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October 1, 1962

Pat DiPRIMIO and Daniel Panichella

The opinion of the court was delivered by: DUMBAULD

There is no better description of the Internal Revenue laws in general than that contained in the often-quoted language of Judge Learned Hand:

'In my own case the words of such an act as the Income Tax, for example, merely dance before my eyes in a meaningless procession: cross-reference to cross-reference, exception upon exception -- couched in abstract terms that offer no handle to seize hold of -- leave in my mind only a confused sense of some vitally important, but successfully concealed, purport, which it is my duty to extract, but which is within my power, if at all, only after the most inordinate expenditure of time. I know that these monsters are the result of fabulous industry and ingenuity, plugging up this hole and casting out that net, against all possible evasion; yet at times I cannot help recalling a saying of William James about certain passages of Hegel: that they were no doubt written with a passion of rationality; but that one cannot help wondering whether to the reader they have any significance save that the words are strung together with syntactical correctness.' *fn1"

 The same complexity carries over into the so-called 'gambling tax' provisions of the Internal Revenue laws.

 These provisions, it is well known, were added for the purpose of discouraging professional gambling rather than of raising revenue. Investigations conducted by Senator Estes Kefauver of Tennessee and by Robert F. Kennedy, the present Attorney General, have disclosed the widespread extent and the sinister influence of gambling in the nation's life. The public has been shocked to learn the magnitude of the tremendous revenue or 'take' therefrom which is at the disposal of criminals for purposes of political corruption or of obtaining control of legitimate business enterprises. Much of this enormous income, for the most part derived from activities carried on in defiance of State law, has escaped paying federal income tax because of the difficulties of enforcement. Consequently, Congress took action to protect the public interest, and enacted certain special 'gambling tax' provisions.

 But the courts are not concerned with the motives of Congress, whatever they may have been, so long as it does not transcend its legislative powers; and it is no objection to the exercise of the federal commerce power or taxing power that its exercise may be 'attended by the same incidents which attend the exercise of the police power.' United States v. Darby, 312 U.S. 100, 114, 61 S. Ct. 451, 457, 85 L. Ed. 609 (1941); United States v. Kahriger, 345 U.S. 22, 27-28, 73 S. Ct. 510, 97 L. Ed. 754 (1953). The latter case upheld the constitutionality of the 'gambling tax' provisions, although three Justices dissented, and Mr. Justice Frankfurter contended that the legislation sought to wrap in the 'verbal cellophane' of a revenue measure a statute intended 'not to raise revenue but to regulate conduct.' 345 U.S. at 37-38, 73 S. Ct. at 517.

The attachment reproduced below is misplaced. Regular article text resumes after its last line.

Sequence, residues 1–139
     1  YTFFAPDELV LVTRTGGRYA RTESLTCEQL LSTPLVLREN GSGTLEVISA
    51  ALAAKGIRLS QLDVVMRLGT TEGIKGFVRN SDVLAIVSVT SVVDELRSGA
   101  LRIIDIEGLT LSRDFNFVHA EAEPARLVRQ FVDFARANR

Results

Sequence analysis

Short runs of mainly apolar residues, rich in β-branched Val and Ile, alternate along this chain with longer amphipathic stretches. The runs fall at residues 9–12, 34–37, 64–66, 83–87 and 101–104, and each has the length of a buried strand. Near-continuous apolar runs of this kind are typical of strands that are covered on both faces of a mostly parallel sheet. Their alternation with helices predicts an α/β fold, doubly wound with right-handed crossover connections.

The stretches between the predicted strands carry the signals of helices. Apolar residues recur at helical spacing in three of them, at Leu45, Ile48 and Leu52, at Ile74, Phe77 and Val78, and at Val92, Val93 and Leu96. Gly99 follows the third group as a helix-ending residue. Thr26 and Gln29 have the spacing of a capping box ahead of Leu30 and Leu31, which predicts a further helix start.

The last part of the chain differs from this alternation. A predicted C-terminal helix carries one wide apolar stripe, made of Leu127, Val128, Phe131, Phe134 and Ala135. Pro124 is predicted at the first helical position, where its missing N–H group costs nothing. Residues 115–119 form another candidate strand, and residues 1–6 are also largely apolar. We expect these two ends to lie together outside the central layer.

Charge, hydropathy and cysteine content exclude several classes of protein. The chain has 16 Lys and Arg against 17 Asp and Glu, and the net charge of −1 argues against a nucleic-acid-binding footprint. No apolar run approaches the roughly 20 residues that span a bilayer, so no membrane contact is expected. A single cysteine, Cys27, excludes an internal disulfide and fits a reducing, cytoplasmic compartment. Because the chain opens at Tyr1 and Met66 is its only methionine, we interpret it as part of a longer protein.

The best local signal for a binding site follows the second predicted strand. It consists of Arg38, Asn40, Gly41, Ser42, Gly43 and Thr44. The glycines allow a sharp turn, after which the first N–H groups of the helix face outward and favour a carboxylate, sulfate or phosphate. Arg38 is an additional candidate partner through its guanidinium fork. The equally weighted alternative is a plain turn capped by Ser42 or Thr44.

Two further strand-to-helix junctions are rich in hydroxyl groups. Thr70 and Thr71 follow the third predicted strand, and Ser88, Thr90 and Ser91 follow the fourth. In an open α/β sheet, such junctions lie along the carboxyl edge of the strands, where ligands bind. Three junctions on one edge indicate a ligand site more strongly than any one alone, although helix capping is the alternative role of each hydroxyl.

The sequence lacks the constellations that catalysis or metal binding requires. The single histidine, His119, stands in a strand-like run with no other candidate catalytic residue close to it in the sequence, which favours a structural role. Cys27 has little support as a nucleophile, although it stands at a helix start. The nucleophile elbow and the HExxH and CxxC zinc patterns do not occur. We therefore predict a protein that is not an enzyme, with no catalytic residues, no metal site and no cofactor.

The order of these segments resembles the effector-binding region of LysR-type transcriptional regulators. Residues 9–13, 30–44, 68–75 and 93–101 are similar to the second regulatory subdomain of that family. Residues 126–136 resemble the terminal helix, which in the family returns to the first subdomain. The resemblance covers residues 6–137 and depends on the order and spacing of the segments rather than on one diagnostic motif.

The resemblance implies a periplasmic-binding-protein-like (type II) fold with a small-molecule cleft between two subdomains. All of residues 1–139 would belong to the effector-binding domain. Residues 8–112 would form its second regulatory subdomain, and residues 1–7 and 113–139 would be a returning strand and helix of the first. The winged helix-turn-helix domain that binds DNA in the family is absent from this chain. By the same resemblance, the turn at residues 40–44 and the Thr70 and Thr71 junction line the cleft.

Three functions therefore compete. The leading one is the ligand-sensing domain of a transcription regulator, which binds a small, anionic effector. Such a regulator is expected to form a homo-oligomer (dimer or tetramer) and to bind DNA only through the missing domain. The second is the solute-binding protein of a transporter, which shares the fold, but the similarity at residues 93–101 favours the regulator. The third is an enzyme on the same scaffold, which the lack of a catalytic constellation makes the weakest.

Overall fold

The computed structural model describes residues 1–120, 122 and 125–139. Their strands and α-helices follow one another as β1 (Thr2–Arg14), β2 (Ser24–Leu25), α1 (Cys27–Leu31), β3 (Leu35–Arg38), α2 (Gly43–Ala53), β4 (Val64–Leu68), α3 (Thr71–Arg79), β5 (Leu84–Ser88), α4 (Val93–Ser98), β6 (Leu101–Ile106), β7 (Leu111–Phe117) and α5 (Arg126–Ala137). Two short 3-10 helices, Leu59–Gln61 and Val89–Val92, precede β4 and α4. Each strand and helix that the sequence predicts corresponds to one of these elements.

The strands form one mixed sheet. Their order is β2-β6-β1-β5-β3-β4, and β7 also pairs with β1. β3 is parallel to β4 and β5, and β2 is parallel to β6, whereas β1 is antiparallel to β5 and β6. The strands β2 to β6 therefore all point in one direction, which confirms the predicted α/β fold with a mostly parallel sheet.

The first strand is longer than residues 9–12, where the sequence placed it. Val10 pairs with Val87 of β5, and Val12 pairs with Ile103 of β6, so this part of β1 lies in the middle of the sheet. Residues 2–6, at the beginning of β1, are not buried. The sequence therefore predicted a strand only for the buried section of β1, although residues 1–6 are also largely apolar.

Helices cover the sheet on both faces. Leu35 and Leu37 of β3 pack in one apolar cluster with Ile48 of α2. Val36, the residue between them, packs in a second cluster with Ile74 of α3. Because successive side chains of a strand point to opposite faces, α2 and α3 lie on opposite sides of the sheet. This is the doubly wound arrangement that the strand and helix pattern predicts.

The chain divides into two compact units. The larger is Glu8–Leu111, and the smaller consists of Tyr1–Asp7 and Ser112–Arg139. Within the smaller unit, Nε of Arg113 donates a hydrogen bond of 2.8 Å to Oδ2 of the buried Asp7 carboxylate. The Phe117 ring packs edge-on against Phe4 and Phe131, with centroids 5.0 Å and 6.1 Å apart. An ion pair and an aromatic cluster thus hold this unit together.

The 'gambling tax' provisions were further construed and clarified in United States v. Calamaro, 354 U.S. 351, 77 S. Ct. 1138, 1 L. Ed. 2d 1394 (1957).

 The information in the case at bar contained three counts. The first charged wilful failure to pay a federal tax, in violation of 26 U.S.C. § 7203 which reads as follows:

 'Any person required under this title to pay any estimated tax or tax, or required by this title or by regulations made under authority thereof to make a return (other than a return required under authority of section 6015 or section 6016), keep any records, or supply any information, who willfully fails to pay such estimated tax or tax, make such return, keep such records, or supply such information, at the time or times required by law or regulations, shall, in addition to other penalties provided by law, be guilty of a misdemeanor and, upon conviction thereof, shall be fined not more than $ 10,000, or imprisoned not more than 1 year, or both, together with the costs of prosecution.'

 This is a general provision applicable to many kinds of tax (including income tax), and not limited to failure to pay taxes arising under the 'gambling tax' provisions of the Internal Revenue law.

 The second count charged each defendant with the offense of failure to register with the Internal Revenue Service as required by 26 U.S.C. § 4412, *fn2" such failure being subjected to a penalty of $ 50 by 26 U.S.C. § 7272. *fn3"

 The third count purported to charge violation of 26 U.S.C. § 7262 which provides that: 'Any person who does any act which makes him liable for special tax under (26 U.S.C. § 4411) without having paid such tax, shall, besides being liable to payment of the tax, be fined not less than $ 1,000 and not more than $ 5,000.'

 The special tax under 26 U.S.C. § 4411 (liability for which carries with it the duty of registration *fn4" ) is a flat annual tax of $ 50 payable by persons who are liable for tax under 26 U.S.C. § 4401, or who are 'engaged in receiving wagers for on on behalf of any person so liable.' *fn5"

 Turning now to 26 U.S.C. § 4401, we find that it imposes what is commonly called an 'excise' tax of 10% As distinguished from the 'special tax' imposed by 26 U.S.C. § 4411 which gives rise to the duty of registration prescribed by 26 U.S.C. § 4412.

 The 'excise tax' provision of 26 U.S.C. § 4401 reads as follows: 'There shall be imposed on wagers, as defined in section 4421, an excise tax equal to 10 percent of the amount thereof.' It is further provided that 'Each person who is engaged in the business of accepting wagers shall be liable for and shall pay the tax under this subchapter on all wagers placed with him. Each person who conducts any wagering pool or lottery shall be liable for and shall pay the tax under this subchapter on all wagers placed in such pool or lottery.'